Brother’s a keeper
Thanks to Rebecca Mazzei for the great article about my brother Russell “Uncle Russ” Werden (“Man of steel,” Metro Times, April 6). He is overwhelmingly generous to me and all his friends and family. He is as tough as they come but he is my precious baby brother. His cuts and bruises make me cry but he just brushes my fears away. He is as gentle as a lamb with his grandchildren, even to making sure he’s smooth-shaven when he sees them! Thanks to you and all the Detroit artists for the long-overdue praise for his hard work! —Barbara Simmons, Harrison Twp.
More than words
Re: Ric Bohy’s editorial “Words of service” (Metro Times, March 30), I noticed the same quotes when I toured the new Harold Washington Library in Chicago about a year ago, and I thought pretty much the same things. Great article, you hit the nail on the head. A growing coalition of good folks in the city and the suburbs are hoping, expecting, demanding that we enter an era of “post race” politics, and get on with the people’s business the way they deserve and expect it to be done. There are so many opportunities around here that it is ridiculous. Our coalition’s new motto is that we are the leaders we have been waiting for, and I guess the next step is joining folks like you, and calling out the turkeys who keep leading us down the wrong path. I’d like to say “help is on the way” but perhaps we will pick a better phrase. —Tom Barwin, city manager, Ferndale, email@example.com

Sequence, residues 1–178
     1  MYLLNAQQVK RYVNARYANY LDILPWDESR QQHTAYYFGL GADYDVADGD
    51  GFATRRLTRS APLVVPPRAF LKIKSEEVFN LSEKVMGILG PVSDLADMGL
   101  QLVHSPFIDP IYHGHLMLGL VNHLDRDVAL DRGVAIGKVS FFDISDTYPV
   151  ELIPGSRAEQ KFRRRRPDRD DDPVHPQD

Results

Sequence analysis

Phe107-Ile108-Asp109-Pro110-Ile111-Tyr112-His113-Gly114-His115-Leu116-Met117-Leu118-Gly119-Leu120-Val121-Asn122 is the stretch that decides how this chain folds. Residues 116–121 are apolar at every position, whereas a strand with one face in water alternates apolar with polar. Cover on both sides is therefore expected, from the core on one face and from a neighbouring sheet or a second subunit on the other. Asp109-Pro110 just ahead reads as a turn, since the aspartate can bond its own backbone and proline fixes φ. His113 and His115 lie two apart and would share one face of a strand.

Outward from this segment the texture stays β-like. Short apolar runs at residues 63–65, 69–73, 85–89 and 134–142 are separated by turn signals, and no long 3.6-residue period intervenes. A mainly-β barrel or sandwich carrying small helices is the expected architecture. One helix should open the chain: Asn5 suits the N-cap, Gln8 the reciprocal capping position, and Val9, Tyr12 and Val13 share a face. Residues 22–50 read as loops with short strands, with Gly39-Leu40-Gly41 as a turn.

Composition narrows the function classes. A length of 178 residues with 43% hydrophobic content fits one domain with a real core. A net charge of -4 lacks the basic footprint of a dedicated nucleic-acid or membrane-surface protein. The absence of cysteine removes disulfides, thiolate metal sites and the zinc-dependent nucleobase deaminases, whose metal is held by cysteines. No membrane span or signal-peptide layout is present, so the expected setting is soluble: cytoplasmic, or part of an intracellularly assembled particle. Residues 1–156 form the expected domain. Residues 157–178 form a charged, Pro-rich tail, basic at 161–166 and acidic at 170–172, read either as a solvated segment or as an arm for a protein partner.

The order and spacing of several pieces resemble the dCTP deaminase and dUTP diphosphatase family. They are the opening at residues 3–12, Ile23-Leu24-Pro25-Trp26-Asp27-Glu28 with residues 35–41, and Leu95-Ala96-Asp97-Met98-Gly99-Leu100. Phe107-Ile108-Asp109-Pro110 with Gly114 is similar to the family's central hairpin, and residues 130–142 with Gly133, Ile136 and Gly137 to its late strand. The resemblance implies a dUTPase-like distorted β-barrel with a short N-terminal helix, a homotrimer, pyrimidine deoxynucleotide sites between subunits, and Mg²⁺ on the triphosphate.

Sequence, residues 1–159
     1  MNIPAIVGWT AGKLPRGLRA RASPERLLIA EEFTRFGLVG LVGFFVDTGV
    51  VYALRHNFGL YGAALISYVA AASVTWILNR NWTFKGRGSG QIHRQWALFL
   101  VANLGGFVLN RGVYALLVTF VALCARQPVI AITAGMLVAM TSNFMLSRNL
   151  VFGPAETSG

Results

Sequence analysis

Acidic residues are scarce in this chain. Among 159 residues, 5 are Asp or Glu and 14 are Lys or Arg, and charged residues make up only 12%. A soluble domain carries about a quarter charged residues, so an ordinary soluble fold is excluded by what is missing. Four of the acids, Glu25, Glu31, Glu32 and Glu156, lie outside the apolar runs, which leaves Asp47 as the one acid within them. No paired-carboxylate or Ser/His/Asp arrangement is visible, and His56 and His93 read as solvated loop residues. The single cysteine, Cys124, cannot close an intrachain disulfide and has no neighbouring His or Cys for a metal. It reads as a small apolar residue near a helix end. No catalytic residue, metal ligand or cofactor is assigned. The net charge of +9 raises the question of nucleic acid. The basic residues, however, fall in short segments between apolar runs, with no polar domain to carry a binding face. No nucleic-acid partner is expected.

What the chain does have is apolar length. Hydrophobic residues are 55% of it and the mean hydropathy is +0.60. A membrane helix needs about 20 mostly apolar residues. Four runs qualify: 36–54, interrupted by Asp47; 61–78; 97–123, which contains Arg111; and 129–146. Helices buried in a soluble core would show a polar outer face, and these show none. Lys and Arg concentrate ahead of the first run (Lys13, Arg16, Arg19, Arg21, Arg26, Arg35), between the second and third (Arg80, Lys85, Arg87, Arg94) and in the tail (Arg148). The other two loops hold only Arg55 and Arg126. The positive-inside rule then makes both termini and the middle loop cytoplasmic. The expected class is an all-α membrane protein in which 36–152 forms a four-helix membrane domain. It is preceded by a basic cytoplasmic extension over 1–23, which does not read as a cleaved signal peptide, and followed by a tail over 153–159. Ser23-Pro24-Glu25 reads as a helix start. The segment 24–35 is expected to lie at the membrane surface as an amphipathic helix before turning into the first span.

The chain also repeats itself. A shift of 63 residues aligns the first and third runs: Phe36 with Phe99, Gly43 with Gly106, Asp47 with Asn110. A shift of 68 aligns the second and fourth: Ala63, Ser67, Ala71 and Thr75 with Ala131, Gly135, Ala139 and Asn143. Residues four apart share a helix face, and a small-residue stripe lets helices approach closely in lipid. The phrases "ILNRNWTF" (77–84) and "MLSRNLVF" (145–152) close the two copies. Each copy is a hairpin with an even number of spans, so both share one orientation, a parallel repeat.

Name flap a low blow
Re: “Name game, Detroit style” (Metro Times, April 6), I must say that I wholeheartedly agree with you in your assertion that a “referendum on who’s the ‘blackest’ candidate” for the position of mayor is “silly.” Freman Hendrix chose to use his middle name, as many people have, and what’s wrong with that? He doesn’t run from or hide his ethnicity. I personally think that whoever would stoop to this level is a desperate person trying to “by any means necessary” get their candidate elected by playing the “race card,” and I think it’s a small-minded person who stoops to that level. None of us had anything to do with the name our parents gave us. And, as you wrote, “If this race hinges on who’s the blackest candidate of all, everyone’s going to lose.” —Thomas A. Wilson Jr., Detroit
Names and name-calling
The “whiteys,” as you put it, at your paper are a bunch of shameless hypocrites. Since when is it wrong to use the man’s real first name? And since when is a little story like that news, anyway? If L. Brooks Patterson or John Engler or George Bush had a German first name that for some unknown reason they didn’t use, their political opponents would use those names in a heartbeat. And if you deny that, you would be a bunch of liars.
The white press in this town are the worst (or should I say “the best”?) race-baiters and con artists in this region.
Alternative press, my ass. Metro Times is more like a satellite weekly. —Shelley Corbin, Detroit
Proud to wear skins
Re: “Cruel couture” (Metro Times, March 16) and the mail it inspired, I am personally tired of PETA trying to regulate how I should live my life! I would not want to see foxes being processed any more than I want to see cows being butchered, pigs being slaughtered, or even the hook being removed from the gaping mouth of a walleye. Yet I enjoy all of the benefits of these useful creatures. In order for Adam and Eve to wear aprons sewn of leather, God himself had to kill something. This is the privilege for being at the top of the food chain, and the honor of being God’s masterpiece. “Arise, kill and eat!” —Lawrence H. Stepney Jr., Inkster, firstname.lastname@example.org